Curating. Collecting. Pinning. Cutting and pasting. Bookmarking. Gathering links.
We all have our own methods for keeping track of the resources we find online and want to save for later.
Sharing and updating these personal curation strategies is especially important given the ever-shifting nature of the Web, and the need to keep up with sites as they grow and change.
The Library is currently in an exciting period of transition, developing new technologies and using new strategies to better deliver our content to the public. A number of our longtime resources are moving to new homes within loc.gov. Items that lived in American Memory have either moved or will move soon. Meanwhile, starting November 19, the assets in myLOC.gov will be moving to loc.gov, while myLOC.gov’s myCollection will no longer be offered.
The Library’s teacher resources will continue to be updated to reflect these new URLs. However, if you use items from American Memory and myLOC , double-check your own collections of URLs to make sure they’re up to date. If you’ve been using myCollection, move your assets into another system. The Share/Save tool at the top of most Library pages offers many options!
This would be a good opportunity to share your favorite tools for organizing your online assets, so that teachers looking for new solutions might benefit from your experience! Do you have an effective or beloved method for keeping track of your most valued online teaching resources?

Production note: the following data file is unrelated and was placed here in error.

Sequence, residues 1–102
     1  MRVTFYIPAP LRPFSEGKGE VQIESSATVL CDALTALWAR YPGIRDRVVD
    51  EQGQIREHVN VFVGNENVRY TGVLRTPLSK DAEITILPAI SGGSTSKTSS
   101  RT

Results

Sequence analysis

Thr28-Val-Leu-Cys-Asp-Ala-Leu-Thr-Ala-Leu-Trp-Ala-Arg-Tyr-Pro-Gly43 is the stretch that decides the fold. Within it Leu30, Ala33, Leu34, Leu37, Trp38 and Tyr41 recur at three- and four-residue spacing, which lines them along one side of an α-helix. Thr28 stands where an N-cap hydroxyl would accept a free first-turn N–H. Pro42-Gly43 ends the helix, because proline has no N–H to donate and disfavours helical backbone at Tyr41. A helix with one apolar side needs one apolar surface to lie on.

Thanks for the heads up. I’m all for updating to keep up with current Web technologies. I do have a more practical question, however. Once myLOC goes away, how would one find entire presentations such as the Waldseemuller Maps in the Exploring the Early Americas Interactives (http://myloc.gov/exhibitions/earlyamericas/interactives/maps/html/index.html)? Will the separate items be searchable through the Library of Congress homepage universal search tool? Will the actual interactive presentation go away? I’m not sure how to save the “fancy” parts of myLOC.
A pertinent question, Mary.
The content from all of the interactives currently on myLOC.gov will be available at loc.gov/exhibits. Many of them will still be interactive, but even those that won’t be will still have the text and primary sources available.